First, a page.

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Savoir y faire
by Mauricio Tarrab

What type of knowing and what type of doing are implied in Lacan’s formula: savoir y faire? It is not the know-how of the craftsman, of a trade, a know-how that could be transmitted from a master to a pupil as a ‘mastery’ of the matter that would be the material on which one works…

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The real cause is the non necessary cause
by Marco Focchi

The notion of causality is depreciated in modern thinking. Bertrand Russell, in a paper that is the starting point for contemporary reflections on the problem, affirms that “The law of causality, […], like much that passes muster among philosophers…

See The real cause is the non necessary cause: 8th December 2013: Marco Focchi or here for information and references

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A real that changes (us)
by Ana Vigano

The modification in the title for the next Congress involves a subtlety that has not passed unnoticed. Its coordinates provide a blow, a chisel, even a challenge that points in two directions that I wish to dwell on…

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The Artist
by Francisco-Hugo Freda

To the question: “What do you paint?”, Picasso answered: “I paint the painting”. The dialogue continued and Picasso affirmed that he had painted one picture alone. At the end of the interview, in a slightly sad tone, he declared: “The painting always wins”…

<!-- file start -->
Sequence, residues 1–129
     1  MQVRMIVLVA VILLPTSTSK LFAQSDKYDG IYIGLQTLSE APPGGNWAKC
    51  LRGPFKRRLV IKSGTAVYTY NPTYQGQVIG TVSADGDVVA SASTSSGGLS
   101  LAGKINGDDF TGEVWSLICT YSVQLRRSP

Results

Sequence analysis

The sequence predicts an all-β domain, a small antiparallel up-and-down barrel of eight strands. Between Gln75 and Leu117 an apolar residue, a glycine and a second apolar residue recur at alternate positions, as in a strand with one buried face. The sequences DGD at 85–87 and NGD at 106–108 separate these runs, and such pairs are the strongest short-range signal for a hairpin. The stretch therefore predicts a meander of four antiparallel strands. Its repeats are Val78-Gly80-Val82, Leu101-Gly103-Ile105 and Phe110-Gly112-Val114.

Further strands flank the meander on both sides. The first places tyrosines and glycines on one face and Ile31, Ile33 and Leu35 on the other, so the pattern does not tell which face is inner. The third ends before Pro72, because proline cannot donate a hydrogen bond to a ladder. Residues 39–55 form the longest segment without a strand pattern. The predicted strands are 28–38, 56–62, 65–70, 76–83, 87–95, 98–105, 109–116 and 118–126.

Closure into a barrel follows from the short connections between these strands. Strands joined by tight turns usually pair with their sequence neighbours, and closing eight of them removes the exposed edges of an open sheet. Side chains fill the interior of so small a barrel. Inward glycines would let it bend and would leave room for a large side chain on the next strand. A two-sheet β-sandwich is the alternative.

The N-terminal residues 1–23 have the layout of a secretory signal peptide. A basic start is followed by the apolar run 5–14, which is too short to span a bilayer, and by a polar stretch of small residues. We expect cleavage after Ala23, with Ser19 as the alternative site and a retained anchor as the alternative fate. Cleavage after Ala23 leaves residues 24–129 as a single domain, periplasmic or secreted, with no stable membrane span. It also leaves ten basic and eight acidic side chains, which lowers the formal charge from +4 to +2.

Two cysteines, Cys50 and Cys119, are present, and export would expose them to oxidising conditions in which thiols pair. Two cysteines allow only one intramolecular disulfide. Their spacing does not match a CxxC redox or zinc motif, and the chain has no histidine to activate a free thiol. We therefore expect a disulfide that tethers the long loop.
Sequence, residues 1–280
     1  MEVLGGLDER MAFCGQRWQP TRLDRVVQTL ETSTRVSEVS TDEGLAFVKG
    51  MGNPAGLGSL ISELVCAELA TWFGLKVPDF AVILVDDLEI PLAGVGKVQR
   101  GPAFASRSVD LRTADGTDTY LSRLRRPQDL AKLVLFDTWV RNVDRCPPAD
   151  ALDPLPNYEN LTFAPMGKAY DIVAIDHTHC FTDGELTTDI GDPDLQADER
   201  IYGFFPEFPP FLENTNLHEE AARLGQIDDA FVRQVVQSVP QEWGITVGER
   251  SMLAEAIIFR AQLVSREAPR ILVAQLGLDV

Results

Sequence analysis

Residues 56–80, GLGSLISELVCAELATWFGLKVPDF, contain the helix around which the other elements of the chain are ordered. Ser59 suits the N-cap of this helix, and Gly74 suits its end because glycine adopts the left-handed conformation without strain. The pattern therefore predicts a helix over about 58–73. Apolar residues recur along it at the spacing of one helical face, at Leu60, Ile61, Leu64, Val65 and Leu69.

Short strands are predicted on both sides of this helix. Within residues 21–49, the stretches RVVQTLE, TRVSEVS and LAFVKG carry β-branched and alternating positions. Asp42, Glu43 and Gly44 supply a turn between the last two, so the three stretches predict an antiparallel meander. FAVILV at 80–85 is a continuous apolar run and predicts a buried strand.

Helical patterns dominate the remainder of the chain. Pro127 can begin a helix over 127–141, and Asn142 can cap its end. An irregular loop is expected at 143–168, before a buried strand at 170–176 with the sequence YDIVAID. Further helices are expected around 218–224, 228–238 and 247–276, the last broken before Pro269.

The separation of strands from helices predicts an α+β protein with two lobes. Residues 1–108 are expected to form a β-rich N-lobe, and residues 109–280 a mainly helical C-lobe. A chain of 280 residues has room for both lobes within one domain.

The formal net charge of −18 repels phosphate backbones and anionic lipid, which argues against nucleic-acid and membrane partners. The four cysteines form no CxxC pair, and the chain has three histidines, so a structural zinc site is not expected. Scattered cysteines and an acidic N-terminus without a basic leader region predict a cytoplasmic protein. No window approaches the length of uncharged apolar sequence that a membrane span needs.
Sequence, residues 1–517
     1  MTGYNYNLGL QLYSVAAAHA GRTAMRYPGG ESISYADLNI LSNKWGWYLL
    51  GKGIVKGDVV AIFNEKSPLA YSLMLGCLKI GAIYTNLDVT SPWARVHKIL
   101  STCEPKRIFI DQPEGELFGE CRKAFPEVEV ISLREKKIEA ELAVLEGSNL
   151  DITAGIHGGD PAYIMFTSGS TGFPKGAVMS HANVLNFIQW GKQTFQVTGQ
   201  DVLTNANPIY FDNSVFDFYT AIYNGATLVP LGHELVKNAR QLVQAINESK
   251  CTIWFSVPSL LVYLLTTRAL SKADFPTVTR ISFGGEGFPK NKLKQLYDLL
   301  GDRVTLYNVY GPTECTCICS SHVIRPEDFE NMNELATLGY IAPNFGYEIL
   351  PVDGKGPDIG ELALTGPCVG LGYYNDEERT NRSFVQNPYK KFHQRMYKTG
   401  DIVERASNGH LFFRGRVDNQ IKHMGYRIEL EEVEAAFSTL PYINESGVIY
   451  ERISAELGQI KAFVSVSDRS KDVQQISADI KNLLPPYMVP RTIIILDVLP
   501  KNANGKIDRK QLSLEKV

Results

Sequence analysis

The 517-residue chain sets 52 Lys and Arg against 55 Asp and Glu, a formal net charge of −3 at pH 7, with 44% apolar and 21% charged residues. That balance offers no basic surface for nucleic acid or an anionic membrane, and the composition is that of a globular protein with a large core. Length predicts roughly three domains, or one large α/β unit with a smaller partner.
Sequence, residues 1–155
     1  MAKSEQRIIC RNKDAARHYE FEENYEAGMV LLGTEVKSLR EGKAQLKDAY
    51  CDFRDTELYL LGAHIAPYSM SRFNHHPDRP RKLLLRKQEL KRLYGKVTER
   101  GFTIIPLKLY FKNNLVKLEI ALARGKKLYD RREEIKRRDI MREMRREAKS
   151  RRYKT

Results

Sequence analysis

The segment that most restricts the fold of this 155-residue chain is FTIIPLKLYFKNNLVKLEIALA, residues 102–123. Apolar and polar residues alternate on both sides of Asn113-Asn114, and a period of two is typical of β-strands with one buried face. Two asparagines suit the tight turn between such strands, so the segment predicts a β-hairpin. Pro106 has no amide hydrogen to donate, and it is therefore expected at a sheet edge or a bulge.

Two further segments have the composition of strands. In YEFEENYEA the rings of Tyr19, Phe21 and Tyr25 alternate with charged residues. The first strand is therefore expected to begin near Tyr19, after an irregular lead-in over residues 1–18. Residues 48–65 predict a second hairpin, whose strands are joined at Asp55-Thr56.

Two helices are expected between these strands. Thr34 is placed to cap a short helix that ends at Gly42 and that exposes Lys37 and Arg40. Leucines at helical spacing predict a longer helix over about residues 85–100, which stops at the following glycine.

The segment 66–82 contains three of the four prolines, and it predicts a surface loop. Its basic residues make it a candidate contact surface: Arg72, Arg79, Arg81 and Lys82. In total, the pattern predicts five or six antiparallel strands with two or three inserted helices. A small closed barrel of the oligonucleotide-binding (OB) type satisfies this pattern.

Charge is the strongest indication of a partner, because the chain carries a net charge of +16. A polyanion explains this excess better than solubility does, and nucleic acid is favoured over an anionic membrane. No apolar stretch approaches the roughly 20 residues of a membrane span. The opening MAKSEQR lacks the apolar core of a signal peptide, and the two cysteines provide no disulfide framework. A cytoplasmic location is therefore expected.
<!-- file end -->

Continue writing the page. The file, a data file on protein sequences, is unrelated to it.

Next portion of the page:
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Unhappy Jouissance
by Amanda Goya

In the absence of a natural law that regulates the relation between the sexes, it is quite by chance that each speaking being bumps into a bit of the real, the fruit of a singular shock between lalangue and the body. Sexual identifications, in the epoch of the father…

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Making Material from the Real
by Dominique Holvoet

If Freudian psychoanalysis emerged from the vestiges of the decadent paternalism of the 19th century, Lacan forges a path toward another consistency proper to the 21st century with the category of the real that underlies both the meaning that was guaranteed…